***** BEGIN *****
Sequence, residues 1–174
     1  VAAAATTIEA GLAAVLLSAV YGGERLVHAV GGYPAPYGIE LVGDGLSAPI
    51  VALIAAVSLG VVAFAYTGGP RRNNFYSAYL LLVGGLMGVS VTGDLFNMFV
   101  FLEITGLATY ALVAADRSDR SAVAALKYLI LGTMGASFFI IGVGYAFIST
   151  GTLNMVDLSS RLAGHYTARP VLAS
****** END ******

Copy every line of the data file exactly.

Sequence, residues 1–174
     1  VAAAATTIEA GLAAVLLSAV YGGERLVHAV GGYPAPYGIE LVGDGLSAPI
    51  VALIAAVSLG VVAFAYTGGP RRNNFYSAYL LLVGGLMGVS VTGDLFNMFV
   101  FLEITGLATY ALVAADRSDR SAVAALKYLI LGTMGASFFI IGVGYAFIST
   151  GTLNMVDLSS RLAGHYTARP VLAS